Both Obama and Clinton are trying to distract us from what the truth is because neither he or his heir apparent want to admit that the Democratic Establishment has failed miserably in delivering what has been promised over and over again when they ask to be elected and then disappear into the mist of history the day after they take the oath of office.
Rest assured there is a select group of Americans that Obama and Hillary are speaking to who can declare that America has been great to them. But that's a very small and select group which ironically include the Clinton's who joined the "millionaire club" by pandering to it's members.
So, is America great? Well, it depends on who you ask;
THE DEMOCRATIC PARTY WAS ONCE THE PARTY OF THE NEW DEAL and the ally of organized labor. But by the time of Bill Clinton's presidency, it had become the enemy of New Deal programs like welfare and Social Security and the champion of free trade deals. The end result is that the party which created the New Deal and helped create the middle class has now become “the party of mass inequality.”
The first piece of evidence is what’s happened since the financial crisis. This is the great story of our time. Inequality has actually gotten worse since then, which is a remarkable thing. This is under a Democratic president who we were assured (or warned) was the most liberal or radical president we would ever see. Yet inequality has gotten worse, and the gains since the financial crisis, since the recovery began, have gone entirely to the top 10 percent of the income distribution.
This is not only because of those evil Republicans, but because Obama played it the way he wanted to. Even when he had a majority in both houses of Congress and could choose whoever he wanted to be in his administration, he consistently made policies that favored the top 10 percent over everybody else. He helped out Wall Street in an enormous way when they were entirely at his mercy.
The elephant in the room that neither Obama or Clinton want Americans to pay attention to is;
Wealth inequality can be described as the unequal distribution of assets within a population. The United States exhibits wider disparities of wealth between rich and poor than any other major developed nation.
We equate wealth with “net worth,” the sum total of your assets minus liabilities. Assets can include everything from an owned personal residence and cash in savings accounts to investments in stocks and bonds, real estate, and retirement accounts. Liabilities cover what a household owes: a car loan, credit card balance, student loan, mortgage, or any other bill yet to be paid.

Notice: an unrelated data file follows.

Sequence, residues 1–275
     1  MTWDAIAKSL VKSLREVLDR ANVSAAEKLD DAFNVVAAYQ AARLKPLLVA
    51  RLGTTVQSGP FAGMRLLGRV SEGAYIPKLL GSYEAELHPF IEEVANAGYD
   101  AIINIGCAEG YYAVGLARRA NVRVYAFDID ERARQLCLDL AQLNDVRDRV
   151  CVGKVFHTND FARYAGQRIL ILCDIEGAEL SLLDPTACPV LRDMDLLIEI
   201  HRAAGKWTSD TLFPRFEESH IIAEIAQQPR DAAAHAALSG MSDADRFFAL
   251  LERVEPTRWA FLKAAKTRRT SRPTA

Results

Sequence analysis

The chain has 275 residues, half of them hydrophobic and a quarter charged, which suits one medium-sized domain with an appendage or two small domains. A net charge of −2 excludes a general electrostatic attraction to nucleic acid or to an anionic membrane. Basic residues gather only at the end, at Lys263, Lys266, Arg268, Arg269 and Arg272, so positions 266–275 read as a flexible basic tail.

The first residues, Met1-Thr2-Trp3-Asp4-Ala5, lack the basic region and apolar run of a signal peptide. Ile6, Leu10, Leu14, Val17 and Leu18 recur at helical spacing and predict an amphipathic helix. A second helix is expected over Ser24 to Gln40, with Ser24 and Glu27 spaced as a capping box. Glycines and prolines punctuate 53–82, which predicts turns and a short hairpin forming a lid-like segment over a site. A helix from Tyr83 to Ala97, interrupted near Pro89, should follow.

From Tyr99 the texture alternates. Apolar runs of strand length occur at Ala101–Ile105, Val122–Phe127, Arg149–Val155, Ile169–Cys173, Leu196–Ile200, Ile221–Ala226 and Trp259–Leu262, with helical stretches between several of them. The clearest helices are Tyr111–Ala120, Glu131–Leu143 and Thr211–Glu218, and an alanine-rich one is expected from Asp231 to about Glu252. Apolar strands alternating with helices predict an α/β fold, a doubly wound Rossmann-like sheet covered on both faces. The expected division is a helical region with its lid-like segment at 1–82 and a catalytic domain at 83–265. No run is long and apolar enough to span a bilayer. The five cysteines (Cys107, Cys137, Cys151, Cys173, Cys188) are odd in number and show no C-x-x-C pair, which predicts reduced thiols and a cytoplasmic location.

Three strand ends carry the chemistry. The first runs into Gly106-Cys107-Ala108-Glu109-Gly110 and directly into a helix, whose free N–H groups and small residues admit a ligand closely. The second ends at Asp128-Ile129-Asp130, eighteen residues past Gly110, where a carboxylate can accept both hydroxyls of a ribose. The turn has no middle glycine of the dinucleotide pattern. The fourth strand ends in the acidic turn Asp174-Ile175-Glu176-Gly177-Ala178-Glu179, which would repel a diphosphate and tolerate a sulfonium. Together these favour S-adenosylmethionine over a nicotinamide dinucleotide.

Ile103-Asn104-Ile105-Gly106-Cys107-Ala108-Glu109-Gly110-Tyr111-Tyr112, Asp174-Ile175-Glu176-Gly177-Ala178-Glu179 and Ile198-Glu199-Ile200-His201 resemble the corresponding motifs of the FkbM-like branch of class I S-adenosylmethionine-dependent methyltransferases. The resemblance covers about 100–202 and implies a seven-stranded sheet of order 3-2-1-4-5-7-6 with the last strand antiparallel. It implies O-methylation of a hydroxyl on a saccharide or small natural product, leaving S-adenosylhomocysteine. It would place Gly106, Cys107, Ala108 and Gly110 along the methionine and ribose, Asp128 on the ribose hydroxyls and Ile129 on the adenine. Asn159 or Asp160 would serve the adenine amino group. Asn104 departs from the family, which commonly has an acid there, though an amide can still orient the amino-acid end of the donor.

In the United States, wealth inequality runs even more pronounced than income inequality
America is great to the 1%
The share of America’s wealth held by the nation’s wealthiest has changed markedly over the past century. That share peaked in the late 1920s, right before the Great Depression, then fell by more than half over the next three decades. But the equalizing trends of the mid 20th century have now been almost completely undone. At the top of the American economic summit, the richest of the nation’s rich now hold as large a wealth share as they did in the 1920s.
The 21st century has not been kind to average American families. The net worth — assets minus debts — of most U.S. households fell between 2000 and 2011. Only the top two quintiles of the nation’s wealth distribution saw a net increase in median net worth over those years.
The rich don’t just have more wealth than everyone else. The bulk of their wealth comes from different — and more lucrative — asset sources. America’s top 1 percent, for instance, holds nearly half the national wealth invested in stocks and mutual funds. Most of the wealth of Americans in the bottom 90 percent comes from their principal residences, the asset category that took the biggest hit during the Great Recession. These Americans also hold almost three-quarters of America’s debt.
The most visible indicator of wealth inequality in America today may be the Forbes magazine list of the nation’s 400 richest. In 1982, the “poorest” American listed on the first annual Forbes magazine list of America’s richest 400 had a net worth of $80 million. The average member of that first list had a net worth of $230 million. In 2015, rich Americans needed net worth of $1.7 billion to enter the Forbes 400, and the average member held a net $5.8 billion, over 10 times the 1982 average after adjusting for inflation.
Inequality is skyrocketing even within the Forbes 400 list of America’s richest. The net worth of the richest member of the Forbes 400 has soared from $2 billion in 1982 to $76 billion in 2015, far outpacing the gains at either the Forbes 400 entry point or average.
America is not so great to the middle class
The great shrinking of the middle class that has captured the attention of the nation is not only playing out in troubled regions like the Rust Belt, Appalachia and the Deep South, but in just about every metropolitan area in America, according to a major new analysis by the Pew Research Center.
Pew reported in December that a clear majority of American adults no longer live in the middle class, a demographic reality shaped by decades of widening inequality, declining industry and the erosion of financial stability and family-wage jobs. But while much of the attention has focused on communities hardest hit by economic declines, the new Pew data, based on metro-level income data since 2000, show that middle-class stagnation is a far broader phenomenon.
The share of adults living in middle-income households has also dwindled in Washington, New York, San Francisco, Atlanta and Denver. It's fallen in smaller Midwestern metros where the middle class has long made up an overwhelming majority of the population. It's withering in coastal tech hubs, in military towns, in college communities, in Sun Belt cities.
The decline of the American middle class is "a pervasive local phenomenon," according to Pew, which analyzed census and American Community Survey data in 229 metros across the country, encompassing about three-quarters of the U.S. population. In 203 of those metros, the share of adults in middle-income households fell from 2000 to 2014.